6.2 The growing axon: growth cones
The growth cone is a small area of active tissue at the tip of a growing axon (Figure 15). As the growth cone moves forward, it adds new material to the cell membrane and so extends the axon. (New axonal membrane is also added at other points along the axon, though to a much lesser extent.)
The growth cone moves forward through the extracellular matrix, as a consequence both of being pushed and of being pulled. The growth cone is pushed by the synthesis of microtubules and the arrival at the growth cone of material transported along the axon from the cell body. The growth cone is pulled by its own thin membrane extensions, filopodia (singular filopodium). The filopodia extend in various directions from the axon tip and adhere to the surroundings, such as extracellular matrix material, other axons or other cells. Within each filopodium, actin microfilaments are synthesised. These microfilaments are able to contract in a way similar to muscle (actin is one of the components of muscle cells). As the microfilaments contract, so the filopodia contract, pulling the rest of the growth cone along. The rate of advance of the growth cone is about 10–40 μm per hour.
Cytochalasin is a drug that disrupts the formation of actin microfilaments. Cytochalasin also disrupts the formation of filopodia.
What would you expect to be the effect of treating the growth cone with cytochalasin?
Movement of the growth cone would be impaired.
The filopodia are only part of the mechanism by which axons grow, so you would expect disrupting filopodia to slow growth, but not to stop it.
What is the other mechanism by which growth cones move forward, by which axons grow?
The other mechanism is microtubule formation.
Several studies have shown that growing axons treated with cytochalasin meander off course and lose their way.
What does this result suggest about the function of filopodia?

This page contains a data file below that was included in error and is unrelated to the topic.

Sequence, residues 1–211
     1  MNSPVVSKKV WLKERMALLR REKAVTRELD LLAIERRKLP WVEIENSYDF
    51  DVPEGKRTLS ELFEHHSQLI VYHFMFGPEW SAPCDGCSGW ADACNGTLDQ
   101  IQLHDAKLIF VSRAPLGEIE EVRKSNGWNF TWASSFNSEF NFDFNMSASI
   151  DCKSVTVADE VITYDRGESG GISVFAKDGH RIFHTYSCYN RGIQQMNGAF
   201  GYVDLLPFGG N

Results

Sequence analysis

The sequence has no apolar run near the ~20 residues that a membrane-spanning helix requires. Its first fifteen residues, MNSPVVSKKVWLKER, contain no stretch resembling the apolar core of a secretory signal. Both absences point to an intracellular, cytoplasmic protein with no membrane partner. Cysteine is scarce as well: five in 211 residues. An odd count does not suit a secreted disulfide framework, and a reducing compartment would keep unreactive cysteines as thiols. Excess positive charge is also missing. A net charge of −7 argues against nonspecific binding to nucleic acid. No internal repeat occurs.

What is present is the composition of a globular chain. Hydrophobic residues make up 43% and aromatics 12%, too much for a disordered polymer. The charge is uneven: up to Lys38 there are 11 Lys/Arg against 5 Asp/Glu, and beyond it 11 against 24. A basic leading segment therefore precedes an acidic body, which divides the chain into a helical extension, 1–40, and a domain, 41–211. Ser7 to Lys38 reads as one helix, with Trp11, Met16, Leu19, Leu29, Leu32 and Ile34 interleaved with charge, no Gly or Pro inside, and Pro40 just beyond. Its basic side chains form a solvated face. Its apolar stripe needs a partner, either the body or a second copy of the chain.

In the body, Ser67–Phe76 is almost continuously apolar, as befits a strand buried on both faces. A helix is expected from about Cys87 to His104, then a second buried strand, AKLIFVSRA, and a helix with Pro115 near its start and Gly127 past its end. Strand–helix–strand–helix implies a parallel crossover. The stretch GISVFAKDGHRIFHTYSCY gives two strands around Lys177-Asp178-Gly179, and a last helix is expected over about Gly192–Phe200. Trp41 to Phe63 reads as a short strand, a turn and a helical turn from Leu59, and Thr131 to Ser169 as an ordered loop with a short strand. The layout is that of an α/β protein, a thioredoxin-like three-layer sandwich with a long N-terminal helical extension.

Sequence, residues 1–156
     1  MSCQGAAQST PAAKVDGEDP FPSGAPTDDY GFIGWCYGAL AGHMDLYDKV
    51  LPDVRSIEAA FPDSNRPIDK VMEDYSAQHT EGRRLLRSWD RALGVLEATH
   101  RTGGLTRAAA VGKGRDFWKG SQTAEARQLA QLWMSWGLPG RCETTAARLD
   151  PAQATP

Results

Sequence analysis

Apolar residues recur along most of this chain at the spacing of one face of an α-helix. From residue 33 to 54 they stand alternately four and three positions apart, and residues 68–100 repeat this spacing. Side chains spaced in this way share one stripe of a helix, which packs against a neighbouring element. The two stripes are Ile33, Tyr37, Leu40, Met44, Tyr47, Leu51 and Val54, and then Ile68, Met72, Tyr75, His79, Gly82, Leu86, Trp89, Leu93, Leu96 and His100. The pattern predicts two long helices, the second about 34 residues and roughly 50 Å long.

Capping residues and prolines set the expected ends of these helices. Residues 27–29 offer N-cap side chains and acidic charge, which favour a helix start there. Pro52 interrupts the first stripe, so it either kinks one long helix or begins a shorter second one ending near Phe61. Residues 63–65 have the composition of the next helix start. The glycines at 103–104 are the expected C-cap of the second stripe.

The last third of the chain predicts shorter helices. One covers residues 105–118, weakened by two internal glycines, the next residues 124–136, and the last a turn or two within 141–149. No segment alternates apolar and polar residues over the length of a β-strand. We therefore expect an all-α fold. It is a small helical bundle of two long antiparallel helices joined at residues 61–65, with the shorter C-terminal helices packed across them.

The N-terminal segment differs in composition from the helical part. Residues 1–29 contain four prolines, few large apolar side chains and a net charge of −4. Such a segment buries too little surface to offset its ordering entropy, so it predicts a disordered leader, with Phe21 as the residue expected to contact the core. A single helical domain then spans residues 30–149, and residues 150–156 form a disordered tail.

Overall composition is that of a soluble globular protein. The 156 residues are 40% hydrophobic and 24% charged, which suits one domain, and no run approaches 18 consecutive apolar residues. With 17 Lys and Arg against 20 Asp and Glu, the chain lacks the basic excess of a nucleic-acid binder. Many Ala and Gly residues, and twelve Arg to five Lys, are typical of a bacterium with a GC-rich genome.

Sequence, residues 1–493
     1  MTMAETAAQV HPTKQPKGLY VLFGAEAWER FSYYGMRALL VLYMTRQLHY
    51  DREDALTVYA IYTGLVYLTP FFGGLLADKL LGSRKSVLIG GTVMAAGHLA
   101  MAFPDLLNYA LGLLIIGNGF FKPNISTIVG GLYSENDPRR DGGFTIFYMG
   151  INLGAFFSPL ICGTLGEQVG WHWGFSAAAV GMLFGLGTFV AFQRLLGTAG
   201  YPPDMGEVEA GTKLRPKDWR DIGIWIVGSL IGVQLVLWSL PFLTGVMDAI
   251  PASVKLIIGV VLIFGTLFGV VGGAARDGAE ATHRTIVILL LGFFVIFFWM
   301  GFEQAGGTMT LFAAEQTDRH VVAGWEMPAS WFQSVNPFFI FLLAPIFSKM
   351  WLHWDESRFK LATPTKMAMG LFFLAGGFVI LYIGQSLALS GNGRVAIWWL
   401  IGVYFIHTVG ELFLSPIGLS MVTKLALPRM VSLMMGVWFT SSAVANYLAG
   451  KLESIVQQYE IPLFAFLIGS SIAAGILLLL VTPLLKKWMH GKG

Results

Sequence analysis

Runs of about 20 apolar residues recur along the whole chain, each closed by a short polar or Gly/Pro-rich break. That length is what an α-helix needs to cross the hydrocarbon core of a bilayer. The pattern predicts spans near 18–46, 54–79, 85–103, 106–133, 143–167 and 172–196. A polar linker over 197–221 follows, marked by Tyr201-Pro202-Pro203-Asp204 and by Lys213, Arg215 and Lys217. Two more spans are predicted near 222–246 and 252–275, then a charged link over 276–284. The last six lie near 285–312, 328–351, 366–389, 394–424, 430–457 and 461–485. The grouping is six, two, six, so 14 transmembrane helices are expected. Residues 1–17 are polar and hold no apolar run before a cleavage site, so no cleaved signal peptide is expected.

This result suggests that filopodia are important for guiding the growth cone.
One important component in the guidance of growth cones is adhesion; growth cones stick to greater or lesser extents to the surface over which they are growing, their substrate. This adhesion can be illustrated in tissue culture. In tissue culture neurons will extend axon-like processes (called neurites, because in tissue culture axons cannot be distinguished from dendrites) with growth cones at their leading edge. The growth cones adhere strongly to some substrates, e.g. laminin, and to some cells, e.g. guide post cells. The effect of differences in adhesion as a growth cone encounters a guide post cell is shown in Figure 16.
It takes just one filopodium to contact the guide post cell for the whole growth cone to change its direction of growth. The growth cone is continuously pulled in various directions by its filopodia. The amount of pull exerted by a particular filopodium will depend to some extent on its size, i.e. how many actin microfilaments it contains, but mostly on its adhesion to the substrate. The filopodium that sticks best to the substrate will pull the growth cone behind it.
What implication does this have for axon navigation?
It implies that the growth cone, and its trailing axon, will follow the path of greater adhesion.
For example, in tissue culture, retinal neurites will grow on two types of extracellular matrix molecules, laminin and fibronectin. (Extracellular matrix molecules are molecules secreted by cells into the surrounding spaces and so are not attached to cells. They also tend not to diffuse very far.) If given the choice, by growing on a surface with alternating fibronectin and laminin stripes, the retinal neurites will grow along the laminin stripes, and not the fibronectin stripes.